I wanted to share a story. A story that accompanies the images of this precious little girl, my niece. If you would like to read more from my sisters blog you can do so HERE.
“I used to take the concept of motherhood for granted. Like it was something that was owed to me. Like the moment I decided I wanted to be a mommy my husband and I would just pull the trigger and bam! – new title – “Mommy” I would be.
It didn’t work out like that. I now know that for many, it does not work out like that.
After three miscarriages I was faced with the harsh reality that motherhood was not something I would be able to control. And after three times the loss you would think that Adam and I would have turned next to a family planning method that was a little more… I don’t know… predictable.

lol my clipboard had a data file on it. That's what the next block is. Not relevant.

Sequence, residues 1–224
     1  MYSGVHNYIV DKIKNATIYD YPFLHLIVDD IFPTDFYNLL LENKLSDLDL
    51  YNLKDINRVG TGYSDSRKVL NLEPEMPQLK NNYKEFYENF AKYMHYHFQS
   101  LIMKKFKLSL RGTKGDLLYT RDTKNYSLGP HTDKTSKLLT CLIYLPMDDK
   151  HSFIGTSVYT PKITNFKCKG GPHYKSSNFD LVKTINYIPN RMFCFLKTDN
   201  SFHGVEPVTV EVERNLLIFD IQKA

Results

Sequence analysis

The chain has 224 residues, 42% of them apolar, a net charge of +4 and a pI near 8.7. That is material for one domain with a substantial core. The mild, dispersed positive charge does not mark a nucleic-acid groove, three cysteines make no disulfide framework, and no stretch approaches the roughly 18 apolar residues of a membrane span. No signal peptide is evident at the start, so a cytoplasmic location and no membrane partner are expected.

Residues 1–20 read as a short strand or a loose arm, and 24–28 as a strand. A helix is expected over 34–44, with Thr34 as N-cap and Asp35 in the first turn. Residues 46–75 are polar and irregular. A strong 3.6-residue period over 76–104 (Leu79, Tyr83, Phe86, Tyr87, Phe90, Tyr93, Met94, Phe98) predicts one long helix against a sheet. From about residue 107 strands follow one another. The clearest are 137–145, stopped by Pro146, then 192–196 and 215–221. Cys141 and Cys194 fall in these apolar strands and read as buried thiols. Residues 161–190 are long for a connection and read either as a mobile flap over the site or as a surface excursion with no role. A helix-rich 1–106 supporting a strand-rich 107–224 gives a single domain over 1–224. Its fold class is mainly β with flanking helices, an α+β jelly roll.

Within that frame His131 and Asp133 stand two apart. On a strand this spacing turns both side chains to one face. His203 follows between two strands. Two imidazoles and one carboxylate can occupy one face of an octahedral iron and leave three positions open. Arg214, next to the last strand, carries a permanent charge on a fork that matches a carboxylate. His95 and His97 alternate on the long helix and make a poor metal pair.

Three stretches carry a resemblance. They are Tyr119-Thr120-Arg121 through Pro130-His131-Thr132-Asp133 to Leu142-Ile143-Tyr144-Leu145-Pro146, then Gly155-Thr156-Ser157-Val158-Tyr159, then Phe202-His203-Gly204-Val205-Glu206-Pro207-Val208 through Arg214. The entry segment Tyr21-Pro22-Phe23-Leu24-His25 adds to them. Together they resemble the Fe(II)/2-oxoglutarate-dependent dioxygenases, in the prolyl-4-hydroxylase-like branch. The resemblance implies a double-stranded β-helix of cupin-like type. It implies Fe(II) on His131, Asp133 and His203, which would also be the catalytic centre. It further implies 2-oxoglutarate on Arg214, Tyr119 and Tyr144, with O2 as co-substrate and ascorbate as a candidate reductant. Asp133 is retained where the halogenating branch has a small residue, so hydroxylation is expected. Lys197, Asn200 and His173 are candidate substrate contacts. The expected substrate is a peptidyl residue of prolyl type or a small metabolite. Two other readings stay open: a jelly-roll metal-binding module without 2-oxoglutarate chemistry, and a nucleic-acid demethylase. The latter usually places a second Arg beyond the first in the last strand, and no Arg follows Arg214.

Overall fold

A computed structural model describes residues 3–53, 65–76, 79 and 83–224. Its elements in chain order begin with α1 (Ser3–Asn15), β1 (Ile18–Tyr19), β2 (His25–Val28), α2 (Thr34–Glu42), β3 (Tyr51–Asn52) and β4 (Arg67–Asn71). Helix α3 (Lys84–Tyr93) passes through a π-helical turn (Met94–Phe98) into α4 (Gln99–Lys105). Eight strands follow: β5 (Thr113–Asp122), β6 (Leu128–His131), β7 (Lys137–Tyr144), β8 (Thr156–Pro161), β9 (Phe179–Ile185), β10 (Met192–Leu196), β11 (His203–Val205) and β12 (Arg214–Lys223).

Instead, God had us sign up to be foster parents.
It seems his timing was right. We were not even through the entire certification process and a child was placed with us. In no time at all we had a foster daughter in our home.
I had not had the chance to be mommy to our lost babies.
Was I mommy now?
I had been yearning for the moniker of mother, but the despair of miscarriage had taught me that motherhood was not something I was entitled to.
I was about to meet another mother who, for different reasons, was learning the same hard lesson.
Have I told you about the first time I met Little A’s bio mom?
Little A was placed in our home on a Saturday night. The caseworkers left and we didn’t speak with anyone from the department until Monday morning. On a side note, that was weird. They dropped the child off and then trusted us enough to wait 36 hours before checking back in! But I digress.
Monday morning rolled around and the case worker called. She asked how it was going. She said we needed to get A to a visit with her mother. That day. Like within the next two hours. This was a fast intro into the world of needing to be flexible and, just like with the miscarriages, having no control.